There is growing clarity that the US ‘spreading democracy’ is war by other means. Working with Kurdish and other friends in Turkey, my colleagues and I have researched the frightening extent of US funding and other support for NGOs and parties in Turkey and Kurdistan and even the supposed ‘Kurdish peace process’ in Turkey. But among professionals who have a genuine concern to contribute to humanitarian relief, truthful media reporting or legal assistance, there is often a lack of realisation of how dangerous this is. Philip Agee, a former insider who died recently, devoted his life to exposing the activities of the CIA, but it seems that today this work must be undertaken all over again.
Voices speaking for the US are often local, a classic case of the medium hiding the message: the Kurds are a victimised people who have been waging a determined and relentless struggle against repression; so a Kurdish voice can politely mystify and thus justify murder and occupation in Iraq to the well-intentioned people who are sympathetic to the Kurdish case.
Recently Kerim Yildiz, director of the Kurdish Human Rights Project, a UK-based charity, wrote that the violence in Iraq was the result not of the invasion but of the insurgency (The Kurds in Iraq 2nd edition, Pluto, 2007). There was no mention of crimes committed by the occupation forces or, indeed, any condemnation of the Iraq war. Rather, he offers advice to the US on counter-insurgency; while he says that ‘the use of force is inevitable’ he is not more specific. He praises the US coalition’s women’s rights programmes: ‘The CPA was praised by many Iraqis for promoting new organisations such as those aimed at the protection of women’s rights; it provided funding for women’s centres throughout the country which offered vocational training and educational opportunities to women.’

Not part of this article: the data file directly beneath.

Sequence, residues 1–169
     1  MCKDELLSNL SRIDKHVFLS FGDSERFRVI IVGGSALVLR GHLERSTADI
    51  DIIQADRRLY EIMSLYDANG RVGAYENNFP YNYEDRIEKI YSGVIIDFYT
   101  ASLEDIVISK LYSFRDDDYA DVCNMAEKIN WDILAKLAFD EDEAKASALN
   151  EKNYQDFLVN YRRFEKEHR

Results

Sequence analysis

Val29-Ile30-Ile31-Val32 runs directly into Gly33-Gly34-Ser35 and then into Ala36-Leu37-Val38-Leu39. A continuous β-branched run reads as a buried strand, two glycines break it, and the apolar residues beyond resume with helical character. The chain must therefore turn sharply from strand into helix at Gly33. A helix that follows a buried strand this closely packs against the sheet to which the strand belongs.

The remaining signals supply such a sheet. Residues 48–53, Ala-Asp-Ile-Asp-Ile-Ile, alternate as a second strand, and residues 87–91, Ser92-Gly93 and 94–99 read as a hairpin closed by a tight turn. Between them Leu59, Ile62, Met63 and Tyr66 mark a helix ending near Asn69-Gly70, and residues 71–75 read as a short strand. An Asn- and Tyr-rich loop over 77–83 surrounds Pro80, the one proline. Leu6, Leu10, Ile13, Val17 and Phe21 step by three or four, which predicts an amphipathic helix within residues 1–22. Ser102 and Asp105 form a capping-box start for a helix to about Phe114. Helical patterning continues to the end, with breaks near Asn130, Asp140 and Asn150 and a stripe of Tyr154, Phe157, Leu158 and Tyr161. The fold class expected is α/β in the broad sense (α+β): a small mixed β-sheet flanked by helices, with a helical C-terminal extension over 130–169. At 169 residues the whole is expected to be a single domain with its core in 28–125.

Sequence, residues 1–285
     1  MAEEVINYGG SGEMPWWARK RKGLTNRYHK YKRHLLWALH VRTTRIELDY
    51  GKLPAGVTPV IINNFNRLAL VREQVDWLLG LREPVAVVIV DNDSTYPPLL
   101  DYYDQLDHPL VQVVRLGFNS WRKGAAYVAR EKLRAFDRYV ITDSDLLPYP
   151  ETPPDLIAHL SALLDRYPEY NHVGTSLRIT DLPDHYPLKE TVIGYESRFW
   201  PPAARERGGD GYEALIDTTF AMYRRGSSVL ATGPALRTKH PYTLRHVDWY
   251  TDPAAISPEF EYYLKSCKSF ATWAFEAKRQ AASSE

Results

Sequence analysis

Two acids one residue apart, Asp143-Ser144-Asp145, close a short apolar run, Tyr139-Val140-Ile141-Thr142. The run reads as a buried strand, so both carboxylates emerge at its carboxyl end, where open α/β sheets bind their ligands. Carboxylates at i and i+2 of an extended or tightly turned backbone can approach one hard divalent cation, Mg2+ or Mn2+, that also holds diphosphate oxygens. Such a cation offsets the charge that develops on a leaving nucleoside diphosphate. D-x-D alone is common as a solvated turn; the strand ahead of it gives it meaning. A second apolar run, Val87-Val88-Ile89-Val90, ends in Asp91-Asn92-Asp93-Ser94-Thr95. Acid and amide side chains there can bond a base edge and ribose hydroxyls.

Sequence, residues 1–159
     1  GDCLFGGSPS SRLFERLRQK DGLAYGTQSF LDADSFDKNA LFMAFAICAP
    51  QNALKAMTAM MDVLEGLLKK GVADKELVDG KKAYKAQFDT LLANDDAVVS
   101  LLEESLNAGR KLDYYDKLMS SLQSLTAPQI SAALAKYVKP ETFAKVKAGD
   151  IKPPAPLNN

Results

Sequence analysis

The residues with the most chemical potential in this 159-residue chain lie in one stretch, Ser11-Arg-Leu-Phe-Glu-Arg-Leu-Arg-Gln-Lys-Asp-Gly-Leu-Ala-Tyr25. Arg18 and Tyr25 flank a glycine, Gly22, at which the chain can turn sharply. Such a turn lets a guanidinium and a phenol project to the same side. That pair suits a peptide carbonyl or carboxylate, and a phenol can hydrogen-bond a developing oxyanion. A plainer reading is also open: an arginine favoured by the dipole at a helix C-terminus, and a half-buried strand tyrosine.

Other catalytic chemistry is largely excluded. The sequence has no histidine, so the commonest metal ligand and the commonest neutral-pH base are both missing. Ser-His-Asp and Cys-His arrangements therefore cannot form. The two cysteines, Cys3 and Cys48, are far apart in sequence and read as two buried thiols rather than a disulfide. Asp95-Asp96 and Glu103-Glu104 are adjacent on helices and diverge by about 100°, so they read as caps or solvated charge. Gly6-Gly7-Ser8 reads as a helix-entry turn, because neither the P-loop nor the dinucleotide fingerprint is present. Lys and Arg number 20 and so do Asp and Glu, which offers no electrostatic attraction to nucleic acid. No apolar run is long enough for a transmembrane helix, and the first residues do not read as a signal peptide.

In another co-authored book on the Kurds in Iran (Pluto, 2007) he allows that ‘an American military intervention’ there may be ‘an increasingly necessary option’ though cautions against it and advises the US on regime change by other means – unless a military invasion were to be ‘extremely thoughtful and based on the actual promotion of human rights rather than pretence’. Referring back to Iraq he says ‘[i]n regards to the Kurds specifically, it is evident that they have benefited in the short term, as there now exists a de facto Kurdish state in Iraq. . .’ Yes, a de facto friend of the Iraqi occupation – how independent is this? More recently Mr Yildiz discussed Turkey’s bombing in northern Iraq on the website of the UK’s Guardian newspaper. Adopting US language of ‘rogue states’ and ‘terror’, he advised that Turkey being given the go-ahead to bomb was ‘extremely damaging to the US and EU’.
When Kurdish ‘human rights’ professionals judge events on the basis of what is helpful or damaging to the US, then they no longer represent Kurdish people.
Maggie Ronayne is Lecturer in Archaeology at the National University of Ireland, Galway, and part of the grassroots network Global Women’s Strike. Her writing on cultural destruction in war and by large development projects is translated, among other languages, into Kurdish and Turkish.
1 Kurdish Human Rights Project Newsline 37 (1), 2.